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It is quite astonishing just how impervious some recent analysis of Northern Ireland has been to evidence of social change. According to some, “the divisions within much of Northern Ireland remain as wide as ever” (McKinstry, 2021). The remarkable process of social transformation in Northern Ireland appears to have simply eluded such individuals. A wealth of survey evidence shows that a variety of social attitudes have altered significantly since the signing of the Good Friday Agreement (1998). Statistics drawn from the Northern Ireland Life and Times surveys on matters pertaining to political identity, communal divide and sexual relationships are presented…

In a previous article examining the possible electoral implications of the UUP’s pragmatic response to the Northern Ireland Protocol, I suggested that the utility of the party’s approach is contingent upon its management of two apparent contradictions. First, the party must be able to rebuff prospective challenges from the DUP and TUV about why it is attempting to make the Protocol work if it does indeed believe it is “fundamentally flawed”. Second, potential questions from Alliance about the ambiguity concerning what type of workable long-term arrangements correspond with the UUP’s support for Brexit must be dealt with coherently.[i]

We owe a tremendous, if often unacknowledged, debt to Marxism in framing our collective understanding of Northern Ireland. Through Marxian conceptions of political economy, the state and ideology we have been able to more adequately explain how unionist and nationalist cultural formations are shaped and reshaped within finite historical contexts. Or, in plainer terms, Marxism has made it easier to understand why unionism and nationalism takes some forms over others at certain times. Drawing on this legacy, this article sets out the benefits of widening the parameters of some more contemporary Marxian analysis.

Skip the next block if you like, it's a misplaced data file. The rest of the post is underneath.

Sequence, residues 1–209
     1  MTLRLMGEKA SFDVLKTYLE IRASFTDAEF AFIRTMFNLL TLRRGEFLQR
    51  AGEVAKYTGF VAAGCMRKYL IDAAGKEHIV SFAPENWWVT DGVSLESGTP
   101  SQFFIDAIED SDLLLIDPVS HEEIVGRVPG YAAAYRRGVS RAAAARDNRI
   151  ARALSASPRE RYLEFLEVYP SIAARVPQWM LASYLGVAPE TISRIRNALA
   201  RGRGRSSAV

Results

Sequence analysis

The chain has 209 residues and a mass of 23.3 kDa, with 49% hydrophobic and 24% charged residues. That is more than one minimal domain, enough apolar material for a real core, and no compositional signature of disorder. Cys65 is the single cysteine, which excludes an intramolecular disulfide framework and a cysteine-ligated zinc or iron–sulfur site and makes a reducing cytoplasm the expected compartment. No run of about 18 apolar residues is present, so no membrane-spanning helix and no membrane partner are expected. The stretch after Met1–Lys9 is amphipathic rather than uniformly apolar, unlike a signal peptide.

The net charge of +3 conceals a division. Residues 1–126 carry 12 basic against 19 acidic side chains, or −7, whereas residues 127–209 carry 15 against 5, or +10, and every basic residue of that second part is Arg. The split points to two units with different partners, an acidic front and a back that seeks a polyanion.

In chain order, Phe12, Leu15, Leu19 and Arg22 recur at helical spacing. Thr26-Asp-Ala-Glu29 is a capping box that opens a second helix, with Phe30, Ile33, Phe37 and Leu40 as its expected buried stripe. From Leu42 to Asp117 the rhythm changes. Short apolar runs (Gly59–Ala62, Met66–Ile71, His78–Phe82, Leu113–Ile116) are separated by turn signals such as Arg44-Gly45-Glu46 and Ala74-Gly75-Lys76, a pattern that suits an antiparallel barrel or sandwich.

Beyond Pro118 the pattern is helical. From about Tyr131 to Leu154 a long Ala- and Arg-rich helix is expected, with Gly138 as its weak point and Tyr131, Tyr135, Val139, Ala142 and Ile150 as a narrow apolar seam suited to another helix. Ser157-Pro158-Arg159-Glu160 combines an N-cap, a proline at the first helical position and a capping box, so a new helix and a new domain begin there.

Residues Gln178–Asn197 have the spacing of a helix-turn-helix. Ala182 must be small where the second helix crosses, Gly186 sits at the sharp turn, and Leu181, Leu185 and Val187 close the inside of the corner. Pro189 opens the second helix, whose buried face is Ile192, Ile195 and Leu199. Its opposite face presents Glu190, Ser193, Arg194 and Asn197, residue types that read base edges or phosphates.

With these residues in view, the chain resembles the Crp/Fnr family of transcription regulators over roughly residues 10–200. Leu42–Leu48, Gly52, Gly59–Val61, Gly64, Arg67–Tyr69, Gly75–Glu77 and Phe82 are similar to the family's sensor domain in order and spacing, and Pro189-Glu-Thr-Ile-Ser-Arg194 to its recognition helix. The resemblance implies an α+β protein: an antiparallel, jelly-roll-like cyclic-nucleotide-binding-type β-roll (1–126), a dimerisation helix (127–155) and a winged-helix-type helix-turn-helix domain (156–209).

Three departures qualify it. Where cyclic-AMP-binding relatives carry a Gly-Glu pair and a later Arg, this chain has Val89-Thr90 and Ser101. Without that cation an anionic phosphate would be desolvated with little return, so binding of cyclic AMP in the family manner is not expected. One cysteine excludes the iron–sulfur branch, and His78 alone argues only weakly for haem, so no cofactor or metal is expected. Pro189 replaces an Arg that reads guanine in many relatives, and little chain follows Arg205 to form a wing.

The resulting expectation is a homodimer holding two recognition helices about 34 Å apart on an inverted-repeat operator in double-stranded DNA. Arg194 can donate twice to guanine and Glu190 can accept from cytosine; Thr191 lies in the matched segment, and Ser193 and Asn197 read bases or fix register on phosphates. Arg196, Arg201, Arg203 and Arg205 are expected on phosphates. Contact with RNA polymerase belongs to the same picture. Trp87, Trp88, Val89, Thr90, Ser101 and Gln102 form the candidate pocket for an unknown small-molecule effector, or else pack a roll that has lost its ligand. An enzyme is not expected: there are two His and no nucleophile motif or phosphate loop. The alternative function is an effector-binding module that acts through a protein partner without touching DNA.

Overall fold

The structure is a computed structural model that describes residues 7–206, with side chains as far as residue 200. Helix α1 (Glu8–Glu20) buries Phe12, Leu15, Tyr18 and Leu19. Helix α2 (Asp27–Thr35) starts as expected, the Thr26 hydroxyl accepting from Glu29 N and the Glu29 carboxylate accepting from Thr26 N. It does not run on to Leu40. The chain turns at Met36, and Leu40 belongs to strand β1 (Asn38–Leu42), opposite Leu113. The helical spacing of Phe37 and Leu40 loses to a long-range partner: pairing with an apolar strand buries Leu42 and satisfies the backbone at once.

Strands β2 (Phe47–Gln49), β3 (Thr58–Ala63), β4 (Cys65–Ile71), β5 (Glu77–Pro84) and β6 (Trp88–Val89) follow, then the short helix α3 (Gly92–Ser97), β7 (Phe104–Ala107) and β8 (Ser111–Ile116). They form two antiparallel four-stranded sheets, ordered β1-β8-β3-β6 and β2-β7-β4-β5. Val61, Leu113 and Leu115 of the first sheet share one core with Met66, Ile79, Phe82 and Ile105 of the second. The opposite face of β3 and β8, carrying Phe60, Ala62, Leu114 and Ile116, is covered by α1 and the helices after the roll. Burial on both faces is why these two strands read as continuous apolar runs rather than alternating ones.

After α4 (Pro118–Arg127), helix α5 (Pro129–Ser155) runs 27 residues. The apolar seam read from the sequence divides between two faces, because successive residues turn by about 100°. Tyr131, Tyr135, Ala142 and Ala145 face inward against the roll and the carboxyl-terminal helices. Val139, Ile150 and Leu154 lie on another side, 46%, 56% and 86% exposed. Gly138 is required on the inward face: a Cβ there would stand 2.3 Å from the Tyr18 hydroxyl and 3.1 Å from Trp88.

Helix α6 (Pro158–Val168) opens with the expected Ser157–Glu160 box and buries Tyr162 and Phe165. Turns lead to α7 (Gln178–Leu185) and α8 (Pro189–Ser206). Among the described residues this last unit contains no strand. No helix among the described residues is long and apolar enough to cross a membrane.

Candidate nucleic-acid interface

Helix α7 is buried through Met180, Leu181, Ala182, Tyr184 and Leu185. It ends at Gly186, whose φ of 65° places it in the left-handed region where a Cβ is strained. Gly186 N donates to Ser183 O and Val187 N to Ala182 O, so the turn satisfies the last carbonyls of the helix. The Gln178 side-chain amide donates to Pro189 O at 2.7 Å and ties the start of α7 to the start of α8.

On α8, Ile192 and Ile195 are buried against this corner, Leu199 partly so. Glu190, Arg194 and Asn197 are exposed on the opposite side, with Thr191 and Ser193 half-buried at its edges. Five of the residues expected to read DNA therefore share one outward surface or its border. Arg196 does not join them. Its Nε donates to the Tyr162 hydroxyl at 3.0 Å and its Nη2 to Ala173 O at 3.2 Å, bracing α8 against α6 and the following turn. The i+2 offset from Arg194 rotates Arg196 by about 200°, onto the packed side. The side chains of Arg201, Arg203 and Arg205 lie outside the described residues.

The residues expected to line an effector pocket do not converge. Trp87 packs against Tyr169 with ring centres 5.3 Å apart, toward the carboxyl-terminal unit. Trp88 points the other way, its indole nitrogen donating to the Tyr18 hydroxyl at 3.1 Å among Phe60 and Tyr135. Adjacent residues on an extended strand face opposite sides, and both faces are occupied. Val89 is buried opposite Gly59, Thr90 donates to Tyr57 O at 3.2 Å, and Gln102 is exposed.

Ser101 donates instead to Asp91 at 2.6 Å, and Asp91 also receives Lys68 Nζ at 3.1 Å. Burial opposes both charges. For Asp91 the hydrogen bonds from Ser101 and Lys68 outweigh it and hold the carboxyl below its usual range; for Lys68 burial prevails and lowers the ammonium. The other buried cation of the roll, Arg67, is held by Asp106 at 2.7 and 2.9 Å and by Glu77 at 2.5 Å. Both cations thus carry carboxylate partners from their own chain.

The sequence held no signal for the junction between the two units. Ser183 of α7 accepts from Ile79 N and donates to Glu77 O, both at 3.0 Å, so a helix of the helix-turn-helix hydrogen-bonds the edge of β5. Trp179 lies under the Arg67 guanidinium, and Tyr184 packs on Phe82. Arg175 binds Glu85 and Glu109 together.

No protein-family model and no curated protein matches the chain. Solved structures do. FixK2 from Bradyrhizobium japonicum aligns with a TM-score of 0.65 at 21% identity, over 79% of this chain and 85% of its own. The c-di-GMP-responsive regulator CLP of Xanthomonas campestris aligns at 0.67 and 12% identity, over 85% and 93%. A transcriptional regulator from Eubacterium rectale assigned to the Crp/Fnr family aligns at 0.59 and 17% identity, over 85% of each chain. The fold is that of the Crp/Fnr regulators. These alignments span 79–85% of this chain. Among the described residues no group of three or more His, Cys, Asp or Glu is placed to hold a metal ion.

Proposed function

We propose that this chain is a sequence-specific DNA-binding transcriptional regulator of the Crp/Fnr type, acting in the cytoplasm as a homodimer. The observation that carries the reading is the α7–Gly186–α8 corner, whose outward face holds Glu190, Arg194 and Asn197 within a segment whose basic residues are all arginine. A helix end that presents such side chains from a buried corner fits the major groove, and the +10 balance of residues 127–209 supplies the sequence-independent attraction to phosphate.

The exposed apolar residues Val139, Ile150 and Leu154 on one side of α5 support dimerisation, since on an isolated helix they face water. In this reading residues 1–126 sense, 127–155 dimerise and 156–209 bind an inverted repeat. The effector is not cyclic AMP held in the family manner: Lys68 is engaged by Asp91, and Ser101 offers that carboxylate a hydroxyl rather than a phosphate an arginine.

What contemporary analysis?

Marx’s influence can be…

The UUP’s response to the Northern Ireland Protocol is best described as pragmatic. When some unionists have been urging simple non-compliance with the Protocol, the UUP have adopted a more flexible posture aimed at ensuring its deleterious effects are mitigated for businesses and consumers. In a recent position paper, the party outlined a series of proposals that it hopes will contribute towards “workable solutions.” This article unpacks these proposals and explores whether the party’s pursuit of pragmatism could prove a vote winner.

The proposals

In its position paper, the UUP draws attention to the negative impact the Protocol has already…

By Dean Farquhar

‘Public opinion’ does not exist. Or, so at least believed the distinguished French sociologist, Pierre Bourdieu. What we take to be ‘public opinion’, Bourdieu opined, is in fact an artefact of knowledge production that can foster a misleading impression of what people think. As Bourdieu pointed out, researchers and pollsters determine the issues that are deemed important enough to gauge the views of the public on and impose certain limitations upon the possible meanings placed on questions and answers by respondents. In short, they fashion ‘public opinion’ by selecting and framing the data collected. As such, studies…

Dean Farquhar

Researcher focusing on youth non-voting in Northern Ireland. All views expressed are my own.

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